Tui Na, the Chinese Medical Massage
By Robert Wulforst
Tuī Ná (Push and Seize - 推拿), or Chinese Massage, is one of the oldest forms of treatment within Traditional Chinese Medicine. It utilizes Acupuncture points and channels to ease the flow of Qì (氣) and blood through the body. It also helps render treatment to young children and those who dislike Acupuncture needles.
Generally speaking, massage as a treatment for an illness isn’t as silly as it sounds. For example, babies tend to get colicky after eating and they start to cry, their stomach upset from swallowing air. What do you do? You put them over your shoulder and pat their back, helping them to burp. It seems like a simple thing to do, and logical as your parents did it for you, but it’s massage used to treat a problematic condition.
Also, as with any type of massage, it helps break up tough muscle fiber and increase blood circulation in the body. As opposed to cupping discussed in the last article, Tuī Ná happens to be stronger and more controllable. While Cupping just stays over a specific point or moved up and down over an area (channel), Tuī Ná has different techniques that are used depending on the muscle. There’s kneading, rubbing, rolling, pressing, patting, rubbing, and shaking, among others. Traditionally, bone adjustment is part of the Tui Na, but now we leave those to western doctors with X ray and advanced equipment.
Tui Na treatment process
When visiting a TCM (Traditional Chinese Medicine) practitioner for Tuī Ná, they will first ask what’s bothering you and follow up with a series of 10 questions. Then, they will examine your tongue and feel your pulse. This is completely normal, as it is part of their diagnosis routine. It just gives them a better insight to your issue and how best to use Tuī Ná techniques. For example, if the person feels weak, it’s not a good idea to do a very strong massage on them.
Developed for quick treatment, you don’t need to remove all your clothing for Tuī Ná. Strangely, many people I first treated were disappointed by this! Oils and salves really weren’t used except if there was bruising, which we would apply Diē Dǎ Jiǔ (Impact Wine - 跌打酒) or another type of stagnation clearing medicine. The massage itself would only last about 15 minutes as well, depending on the severity of the condition. Many people want more than just 15 minutes of treatment though.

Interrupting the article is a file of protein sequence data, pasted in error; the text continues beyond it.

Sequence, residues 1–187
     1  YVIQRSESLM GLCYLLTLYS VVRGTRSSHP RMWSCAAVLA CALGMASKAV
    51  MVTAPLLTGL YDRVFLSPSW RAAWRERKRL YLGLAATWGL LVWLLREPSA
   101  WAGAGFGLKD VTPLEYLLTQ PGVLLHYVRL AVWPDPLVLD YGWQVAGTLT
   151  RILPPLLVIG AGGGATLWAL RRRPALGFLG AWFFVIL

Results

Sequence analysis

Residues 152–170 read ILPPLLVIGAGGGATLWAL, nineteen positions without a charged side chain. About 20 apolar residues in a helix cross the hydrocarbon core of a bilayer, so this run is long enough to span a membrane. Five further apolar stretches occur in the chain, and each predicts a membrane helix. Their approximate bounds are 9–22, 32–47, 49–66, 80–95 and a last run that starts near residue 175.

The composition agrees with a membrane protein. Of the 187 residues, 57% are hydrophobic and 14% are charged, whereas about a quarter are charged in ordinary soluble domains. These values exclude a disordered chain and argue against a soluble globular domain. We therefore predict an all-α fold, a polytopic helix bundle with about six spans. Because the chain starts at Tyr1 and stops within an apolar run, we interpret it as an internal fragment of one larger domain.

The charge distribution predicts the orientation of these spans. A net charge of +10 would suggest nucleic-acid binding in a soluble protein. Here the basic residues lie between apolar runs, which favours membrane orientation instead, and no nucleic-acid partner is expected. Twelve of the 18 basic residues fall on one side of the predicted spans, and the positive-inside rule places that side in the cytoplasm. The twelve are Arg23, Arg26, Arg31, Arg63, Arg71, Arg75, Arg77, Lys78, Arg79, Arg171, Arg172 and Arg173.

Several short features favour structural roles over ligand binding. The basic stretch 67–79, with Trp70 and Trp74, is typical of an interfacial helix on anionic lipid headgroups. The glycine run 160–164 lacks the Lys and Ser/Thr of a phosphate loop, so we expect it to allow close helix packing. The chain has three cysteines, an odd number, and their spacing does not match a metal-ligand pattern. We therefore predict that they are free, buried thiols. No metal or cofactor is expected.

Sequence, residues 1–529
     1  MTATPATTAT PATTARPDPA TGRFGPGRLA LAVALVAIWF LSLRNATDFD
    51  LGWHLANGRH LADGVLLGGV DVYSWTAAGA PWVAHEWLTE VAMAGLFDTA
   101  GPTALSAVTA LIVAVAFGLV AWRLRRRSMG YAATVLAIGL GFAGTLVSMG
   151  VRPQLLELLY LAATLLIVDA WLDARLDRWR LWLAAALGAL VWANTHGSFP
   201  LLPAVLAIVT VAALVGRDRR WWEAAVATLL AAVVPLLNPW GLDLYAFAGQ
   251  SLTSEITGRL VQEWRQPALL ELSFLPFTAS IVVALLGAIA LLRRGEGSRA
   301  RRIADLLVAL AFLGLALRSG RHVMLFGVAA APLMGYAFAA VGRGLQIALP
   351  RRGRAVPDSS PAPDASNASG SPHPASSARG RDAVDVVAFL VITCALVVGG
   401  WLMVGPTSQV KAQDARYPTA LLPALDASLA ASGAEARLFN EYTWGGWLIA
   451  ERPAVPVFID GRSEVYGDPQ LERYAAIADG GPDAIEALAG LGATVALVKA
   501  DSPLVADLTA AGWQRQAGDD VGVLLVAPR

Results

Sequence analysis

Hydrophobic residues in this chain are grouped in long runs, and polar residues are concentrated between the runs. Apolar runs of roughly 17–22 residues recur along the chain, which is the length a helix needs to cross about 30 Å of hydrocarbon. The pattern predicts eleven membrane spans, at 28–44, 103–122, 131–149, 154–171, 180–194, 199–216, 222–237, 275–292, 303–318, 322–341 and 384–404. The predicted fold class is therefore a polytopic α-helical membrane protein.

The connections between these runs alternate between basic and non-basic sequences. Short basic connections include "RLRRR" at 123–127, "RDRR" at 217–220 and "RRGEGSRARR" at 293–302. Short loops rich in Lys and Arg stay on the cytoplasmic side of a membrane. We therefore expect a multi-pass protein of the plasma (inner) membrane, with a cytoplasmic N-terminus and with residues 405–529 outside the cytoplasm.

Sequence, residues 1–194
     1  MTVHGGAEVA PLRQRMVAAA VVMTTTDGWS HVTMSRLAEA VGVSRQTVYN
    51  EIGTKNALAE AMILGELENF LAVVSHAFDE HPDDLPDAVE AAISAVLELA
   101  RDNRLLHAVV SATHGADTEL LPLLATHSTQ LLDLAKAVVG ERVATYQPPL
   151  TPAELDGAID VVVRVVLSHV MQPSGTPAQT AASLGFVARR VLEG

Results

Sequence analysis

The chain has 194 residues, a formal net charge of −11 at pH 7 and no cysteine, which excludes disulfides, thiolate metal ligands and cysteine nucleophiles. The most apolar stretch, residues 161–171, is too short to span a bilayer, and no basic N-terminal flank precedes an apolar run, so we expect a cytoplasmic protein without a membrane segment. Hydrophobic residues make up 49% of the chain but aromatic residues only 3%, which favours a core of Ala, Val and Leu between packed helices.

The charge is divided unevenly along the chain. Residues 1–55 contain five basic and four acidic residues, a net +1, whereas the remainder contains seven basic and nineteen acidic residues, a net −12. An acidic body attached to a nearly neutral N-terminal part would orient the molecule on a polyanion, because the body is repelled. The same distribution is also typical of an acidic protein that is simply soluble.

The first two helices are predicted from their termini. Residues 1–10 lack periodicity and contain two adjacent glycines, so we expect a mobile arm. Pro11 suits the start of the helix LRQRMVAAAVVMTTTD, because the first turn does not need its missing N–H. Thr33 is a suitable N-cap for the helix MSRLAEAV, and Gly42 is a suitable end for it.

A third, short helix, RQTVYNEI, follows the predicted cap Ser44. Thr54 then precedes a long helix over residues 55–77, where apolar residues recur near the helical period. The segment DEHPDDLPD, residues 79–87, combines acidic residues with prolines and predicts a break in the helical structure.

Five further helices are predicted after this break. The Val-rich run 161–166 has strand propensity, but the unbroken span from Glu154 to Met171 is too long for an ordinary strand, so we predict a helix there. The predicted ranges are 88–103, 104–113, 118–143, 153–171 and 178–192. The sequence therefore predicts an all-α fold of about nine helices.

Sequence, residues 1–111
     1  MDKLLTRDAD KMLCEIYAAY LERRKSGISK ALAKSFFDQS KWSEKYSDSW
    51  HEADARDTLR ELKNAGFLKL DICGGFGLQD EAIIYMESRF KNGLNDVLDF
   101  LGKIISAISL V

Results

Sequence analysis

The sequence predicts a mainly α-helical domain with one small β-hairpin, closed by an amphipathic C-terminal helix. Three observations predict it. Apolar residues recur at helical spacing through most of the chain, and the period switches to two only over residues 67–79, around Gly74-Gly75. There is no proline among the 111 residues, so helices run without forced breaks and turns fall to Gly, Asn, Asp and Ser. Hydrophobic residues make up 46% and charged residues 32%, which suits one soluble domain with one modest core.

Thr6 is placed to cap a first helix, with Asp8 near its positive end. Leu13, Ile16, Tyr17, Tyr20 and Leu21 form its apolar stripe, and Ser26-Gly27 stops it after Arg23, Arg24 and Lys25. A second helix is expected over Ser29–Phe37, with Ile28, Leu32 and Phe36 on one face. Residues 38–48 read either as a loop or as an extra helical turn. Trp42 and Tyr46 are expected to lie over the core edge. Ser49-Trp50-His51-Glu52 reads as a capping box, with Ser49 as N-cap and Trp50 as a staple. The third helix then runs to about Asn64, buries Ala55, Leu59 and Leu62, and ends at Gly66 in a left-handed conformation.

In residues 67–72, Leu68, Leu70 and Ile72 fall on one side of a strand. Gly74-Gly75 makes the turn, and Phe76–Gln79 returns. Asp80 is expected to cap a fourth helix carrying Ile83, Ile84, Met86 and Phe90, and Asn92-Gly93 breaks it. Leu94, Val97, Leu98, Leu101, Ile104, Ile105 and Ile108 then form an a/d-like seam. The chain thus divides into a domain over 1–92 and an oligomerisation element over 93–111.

Does Tui Na work? The flaw of research
Massage “feels good” when you have contact with another person. It gives you an increased state of well-being and makes you feel better, no matter how bad you are feeling. However, there are people who just don’t want to be touched at all, no matter what. Unfortunately, these preferences tend to skew the results of research done into the effectiveness of massage/Tuī Ná in general.
How can you measure how effective massage is if the people your treating doesn’t like to be touched? How can you measure how effective massage is if someone magically feels better after just 5 minutes? Everyone’s body and their sensitivity are different. It’s very hard to scientifically measure effectiveness unless everyone is the “same” way. We all do not have the same body type, size, age, weight, demeanor, personality, etc.
Basically, by stimulating certain acupuncture points and channels, body re-balance itself. Qi and blood start flowing smoothly again.
Self Tui Na on "Wind Pool" (acupuncture point GB21) for headache and stress
You may not have a TCM practitioner easily available if you want to try Tuī Ná, but that’s okay! You can do Tuī Ná by yourself. Here are a few instructions on how to massage Fēng Chí (Gallbladder 20: Wind Pool -風池):
1 – With your palms facing toward you, interconnect your fingers. Make sure your thumbs are facing upward.
2 – Take your hands and place them behind your head. Your thumbs will naturally come to rest in a depression on the side of your neck on both sides.
3 – Make kneading motions with your thumbs within the depression. You should feel some slight tenderness or soreness. Don’t massage too hard.
4 – Continue kneading for about 5 minutes.
This massage is good for relieving tension in the neck, headaches from tightness, blurry eyes from strain, or if you just want to do something to help you relax.
I hope you enjoyed this article and let us know if there are other aspects to Traditional Chinese Medicine you’d like us to discuss.